American children's diets fall considerably short of meeting national dietary recommendations, according to a new government report.
Researchers measured diet quality by giving children a score from zero to 100, with 100 representing a diet that fully met national dietary guidelines.
The average score was 50 for children ages 2 to 17, in 2007 and 2008 (the most recent period for which data was available). That score remained relatively unchanged from earlier years. (The average score in the 2005-2006 period was 47.)
The researchers also looked at how well children fared in meeting the guidelines for specific food groups. Children came close to meeting guidelines for diary and protein intake, with average scores in the 80s, but generally ate far too little whole grains, greens and beans, with average scores ranging from 14 to 18.
"The diet-quality scores of children and adolescents would be improved by increasing the intake of vegetables, especially dark greens and beans, replacing refined grains for whole grains, substituting seafood for some meat and poultry, and decreasing the intake of sodium (salt) and empty calories from solid fats and added sugars," the report said. [See 10 Ways to Promote Kids' Healthy Eating Habits].
Chronic diseases, such as type 2 diabetes and cardiovascular disease, may stem, in part, from childhood eating patterns, according to the report from the National Institute of Child Health and Human Development.
In addition to examining diet, the report looked at a number of other measures of children's well-being. Here are some of the findings:
- The number of children living in the United States fell slightly, from 73.9 million in 2011 to 73.3 million in 2012.
- The percentage of children born preterm dropped from 12.8 percent in 2006 to 11.7 percent in 2011.
- The rate of teen births, for girls ages 15 to 17, fell from 17 births per 1,000 teen girls in 2009 to 15 births per 1,000 teen girls in 2011.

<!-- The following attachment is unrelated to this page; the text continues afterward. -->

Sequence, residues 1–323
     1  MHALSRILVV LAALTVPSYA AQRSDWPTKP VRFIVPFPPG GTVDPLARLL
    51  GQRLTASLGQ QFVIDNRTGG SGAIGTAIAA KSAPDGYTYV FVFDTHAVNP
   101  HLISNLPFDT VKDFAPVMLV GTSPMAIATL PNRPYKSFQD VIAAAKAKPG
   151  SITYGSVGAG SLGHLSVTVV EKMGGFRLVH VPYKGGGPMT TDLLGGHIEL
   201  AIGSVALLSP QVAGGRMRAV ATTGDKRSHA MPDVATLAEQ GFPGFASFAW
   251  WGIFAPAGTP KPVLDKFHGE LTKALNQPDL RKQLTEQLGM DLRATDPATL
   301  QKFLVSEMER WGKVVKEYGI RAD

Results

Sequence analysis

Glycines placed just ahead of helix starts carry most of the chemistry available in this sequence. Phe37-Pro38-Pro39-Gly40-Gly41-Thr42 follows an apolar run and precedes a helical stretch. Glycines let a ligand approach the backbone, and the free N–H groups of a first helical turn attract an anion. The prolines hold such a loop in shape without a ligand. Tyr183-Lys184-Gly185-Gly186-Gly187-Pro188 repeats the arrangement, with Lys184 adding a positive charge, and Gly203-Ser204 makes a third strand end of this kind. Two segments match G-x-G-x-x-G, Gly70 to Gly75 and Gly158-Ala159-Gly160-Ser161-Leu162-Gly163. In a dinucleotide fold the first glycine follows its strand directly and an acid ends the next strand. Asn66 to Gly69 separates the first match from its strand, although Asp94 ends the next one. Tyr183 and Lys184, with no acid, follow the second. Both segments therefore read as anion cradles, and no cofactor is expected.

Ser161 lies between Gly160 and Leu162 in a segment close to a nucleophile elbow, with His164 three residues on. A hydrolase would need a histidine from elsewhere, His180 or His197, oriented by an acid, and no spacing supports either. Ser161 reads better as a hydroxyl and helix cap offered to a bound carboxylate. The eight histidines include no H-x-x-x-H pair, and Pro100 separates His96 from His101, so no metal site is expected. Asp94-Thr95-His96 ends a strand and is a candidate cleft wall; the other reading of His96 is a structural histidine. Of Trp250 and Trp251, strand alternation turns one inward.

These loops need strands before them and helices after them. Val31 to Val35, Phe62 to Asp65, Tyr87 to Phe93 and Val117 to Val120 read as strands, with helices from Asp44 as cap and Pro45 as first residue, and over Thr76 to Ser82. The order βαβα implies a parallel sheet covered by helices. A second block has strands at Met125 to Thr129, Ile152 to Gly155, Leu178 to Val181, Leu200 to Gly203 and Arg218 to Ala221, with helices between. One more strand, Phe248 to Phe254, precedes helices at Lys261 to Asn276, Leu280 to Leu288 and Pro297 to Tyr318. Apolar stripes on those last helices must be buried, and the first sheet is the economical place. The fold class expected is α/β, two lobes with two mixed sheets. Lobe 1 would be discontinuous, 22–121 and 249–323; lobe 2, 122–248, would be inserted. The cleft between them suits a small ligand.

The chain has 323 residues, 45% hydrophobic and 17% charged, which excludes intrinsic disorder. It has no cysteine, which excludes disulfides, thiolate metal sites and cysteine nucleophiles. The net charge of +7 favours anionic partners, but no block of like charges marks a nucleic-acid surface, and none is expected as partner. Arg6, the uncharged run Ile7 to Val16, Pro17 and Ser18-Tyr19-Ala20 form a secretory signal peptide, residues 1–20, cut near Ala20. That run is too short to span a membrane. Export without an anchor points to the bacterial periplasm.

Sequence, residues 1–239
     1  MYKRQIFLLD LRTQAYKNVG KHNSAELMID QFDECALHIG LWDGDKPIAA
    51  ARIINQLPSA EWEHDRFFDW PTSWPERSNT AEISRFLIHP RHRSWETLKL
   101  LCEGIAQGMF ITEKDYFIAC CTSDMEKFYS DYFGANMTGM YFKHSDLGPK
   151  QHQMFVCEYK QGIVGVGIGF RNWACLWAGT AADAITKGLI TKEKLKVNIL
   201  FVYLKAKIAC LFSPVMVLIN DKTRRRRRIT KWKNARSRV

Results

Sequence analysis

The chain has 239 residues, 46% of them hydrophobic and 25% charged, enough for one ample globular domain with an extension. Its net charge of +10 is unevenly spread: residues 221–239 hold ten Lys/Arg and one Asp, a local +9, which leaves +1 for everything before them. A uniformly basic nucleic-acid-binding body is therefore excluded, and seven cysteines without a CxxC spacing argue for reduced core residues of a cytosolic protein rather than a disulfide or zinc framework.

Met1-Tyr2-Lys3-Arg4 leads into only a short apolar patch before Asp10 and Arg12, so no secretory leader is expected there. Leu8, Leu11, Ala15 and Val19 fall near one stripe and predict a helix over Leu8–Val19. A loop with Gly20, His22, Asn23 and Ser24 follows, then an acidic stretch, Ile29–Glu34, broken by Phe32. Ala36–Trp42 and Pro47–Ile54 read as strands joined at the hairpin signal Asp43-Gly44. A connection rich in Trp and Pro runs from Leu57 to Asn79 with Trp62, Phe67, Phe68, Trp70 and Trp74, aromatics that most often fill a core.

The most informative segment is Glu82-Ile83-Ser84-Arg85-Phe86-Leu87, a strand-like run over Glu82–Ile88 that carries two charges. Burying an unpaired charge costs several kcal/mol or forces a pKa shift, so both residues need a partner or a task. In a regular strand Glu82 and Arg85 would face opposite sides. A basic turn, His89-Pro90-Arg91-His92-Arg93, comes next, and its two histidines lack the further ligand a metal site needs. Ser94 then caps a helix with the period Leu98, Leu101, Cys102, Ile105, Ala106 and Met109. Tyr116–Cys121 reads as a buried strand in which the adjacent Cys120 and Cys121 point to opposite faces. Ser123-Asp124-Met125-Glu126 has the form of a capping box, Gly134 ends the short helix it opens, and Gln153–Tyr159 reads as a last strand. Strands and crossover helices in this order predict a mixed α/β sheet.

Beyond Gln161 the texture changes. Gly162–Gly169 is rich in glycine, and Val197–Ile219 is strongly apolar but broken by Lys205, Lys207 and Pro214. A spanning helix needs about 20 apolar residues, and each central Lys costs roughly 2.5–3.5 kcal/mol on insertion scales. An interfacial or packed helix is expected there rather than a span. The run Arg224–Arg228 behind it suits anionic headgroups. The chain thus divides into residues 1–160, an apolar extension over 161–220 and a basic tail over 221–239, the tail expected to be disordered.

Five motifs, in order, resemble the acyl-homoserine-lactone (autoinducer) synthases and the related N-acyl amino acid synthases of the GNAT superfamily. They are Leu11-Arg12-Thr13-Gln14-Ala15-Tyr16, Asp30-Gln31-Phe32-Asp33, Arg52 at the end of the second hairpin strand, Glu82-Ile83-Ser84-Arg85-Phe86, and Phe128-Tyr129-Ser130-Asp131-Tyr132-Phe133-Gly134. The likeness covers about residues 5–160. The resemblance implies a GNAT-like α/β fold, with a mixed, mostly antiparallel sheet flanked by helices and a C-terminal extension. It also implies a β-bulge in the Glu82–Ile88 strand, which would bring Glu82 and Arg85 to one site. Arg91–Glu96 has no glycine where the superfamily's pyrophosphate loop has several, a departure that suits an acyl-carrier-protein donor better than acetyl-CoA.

- The percentage of high school seniors reporting binge drinking rose, from 22 percent in 2011 to 24 percent in 2012.
- The percentage of children ages 4 to 11 with detectable levels of cotinine in the blood, a measure of secondhand smoke, dropped from 53 percent in 2007-2008 to 42 percent in 2009-2010.
- The percentage of children who visited a dentist in the past year rose from 85 percent in 2010 to 87 percent in 2011.
- Between 2009 and 2010, about 18 percent of children ages 6 to 17 were obese, which was relatively unchanged from the period between 2007 and 2008.
The report also gave estimates about changing demographics. By 2050, about half of U.S. children will be Hispanic, Asian or of two or more races, the report said.
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Rachael is a Live Science contributor, and was a former channel editor and senior writer for Live Science between 2010 and 2022. She has a master's degree in journalism from New York University's Science, Health and Environmental Reporting Program. She also holds a B.S. in molecular biology and an M.S. in biology from the University of California, San Diego. Her work has appeared in Scienceline, The Washington Post and Scientific American.